Having emotional intelligence is absolutely critical in this work. Emotional intelligence is all about how you manage your own emotions and how you actually manage interacting with the emotions of others. (Now, I want to be clear that we are not saying that you should be manipulating the emotions of others. Instead, you should be tuned into what emotions might be coming up so that you can address those in a respectful and honoring way.)
There are five key areas that make up emotional intelligence: self-awareness, self-regulation, motivation, empathy, and social skills. People who have a really strong emotional intelligence are those individuals who are not just in control of their own emotions, but who are really excellent at sensing the emotions of other people. They typically manage difficult situations well and are, generally, more resilient.
I recommend taking this EQ quiz to get an idea of where you land in these five areas. Developing emotional intelligence is a long-game and will take focused effort to improve. But the first step is knowing where your strengths are and where you need to focus.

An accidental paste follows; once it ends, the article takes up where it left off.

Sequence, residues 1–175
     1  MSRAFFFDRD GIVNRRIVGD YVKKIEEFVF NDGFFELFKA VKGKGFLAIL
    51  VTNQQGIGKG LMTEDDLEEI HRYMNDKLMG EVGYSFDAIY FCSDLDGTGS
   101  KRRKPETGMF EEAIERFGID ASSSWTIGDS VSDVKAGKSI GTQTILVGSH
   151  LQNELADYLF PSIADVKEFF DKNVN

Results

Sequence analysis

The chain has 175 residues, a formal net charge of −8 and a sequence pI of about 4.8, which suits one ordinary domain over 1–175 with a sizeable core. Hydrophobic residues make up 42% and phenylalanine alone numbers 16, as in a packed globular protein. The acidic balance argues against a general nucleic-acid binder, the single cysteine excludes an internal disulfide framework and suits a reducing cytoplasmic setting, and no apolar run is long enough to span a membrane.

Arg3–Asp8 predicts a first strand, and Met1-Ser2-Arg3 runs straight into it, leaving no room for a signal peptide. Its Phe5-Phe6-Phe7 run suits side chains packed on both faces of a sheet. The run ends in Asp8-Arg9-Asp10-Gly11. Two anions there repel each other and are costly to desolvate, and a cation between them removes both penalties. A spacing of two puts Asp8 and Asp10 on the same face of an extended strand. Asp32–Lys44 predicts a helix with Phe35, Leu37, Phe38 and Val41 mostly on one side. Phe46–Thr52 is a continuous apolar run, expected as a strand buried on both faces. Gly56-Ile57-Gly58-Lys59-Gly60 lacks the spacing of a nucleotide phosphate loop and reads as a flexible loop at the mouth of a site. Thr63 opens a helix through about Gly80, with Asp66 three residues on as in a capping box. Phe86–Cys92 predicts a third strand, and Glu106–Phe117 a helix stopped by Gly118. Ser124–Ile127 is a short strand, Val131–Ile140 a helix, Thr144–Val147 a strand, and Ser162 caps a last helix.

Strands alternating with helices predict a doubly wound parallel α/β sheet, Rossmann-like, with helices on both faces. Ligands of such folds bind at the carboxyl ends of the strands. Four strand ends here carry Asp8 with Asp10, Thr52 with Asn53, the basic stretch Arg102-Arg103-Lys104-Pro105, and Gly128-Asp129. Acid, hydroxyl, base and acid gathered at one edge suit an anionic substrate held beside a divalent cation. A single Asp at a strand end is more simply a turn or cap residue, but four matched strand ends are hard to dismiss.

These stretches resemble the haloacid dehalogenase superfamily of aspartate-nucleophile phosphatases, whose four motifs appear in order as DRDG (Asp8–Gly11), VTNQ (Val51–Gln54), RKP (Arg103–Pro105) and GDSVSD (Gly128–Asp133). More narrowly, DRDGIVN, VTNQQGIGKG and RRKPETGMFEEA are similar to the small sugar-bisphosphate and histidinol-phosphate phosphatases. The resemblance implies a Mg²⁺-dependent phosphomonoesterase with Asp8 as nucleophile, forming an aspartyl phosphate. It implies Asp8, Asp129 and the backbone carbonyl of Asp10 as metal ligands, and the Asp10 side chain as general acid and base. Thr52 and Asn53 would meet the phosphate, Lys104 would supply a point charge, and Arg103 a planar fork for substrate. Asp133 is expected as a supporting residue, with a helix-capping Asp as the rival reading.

Let me tell you a quick story that I experienced that I think illustrates why emotional intelligence is so important in your work in mid-level. I recently gave a gift to an organization and received a call from a fundraiser asking to learn a bit more about me. The conversation quickly turned into more of an interrogation as the fundraiser tried to lead me toward exactly where he wanted me to go, rather than where I actually was. Instead of tuning into the fact that I was giving terse answers and not really engaging, he just kept pushing through his questions and I left the call feeling angry. I was caught off guard, and instead of saying directly that I didn’t appreciate his leading questions, I just got off the phone as quickly as I could.
So, if I could redo this conversation using my EQ skills, I’d be self-aware about the fact that I was upset and judging the other person. Instead of letting my emotions overwhelm me, I could have used them to inform me, and I would have spoken up. I could also have tuned into my empathy, realizing that he was likely doing this due to bad training, not because he’s a bad person. Lastly, instead of giving terse answers, I could have spoken up and asked for a real conversation.
Now, I know this may feel a bit different because I was the donor in this case, but it still illustrates how you can respond differently when you tap into your emotional intelligence.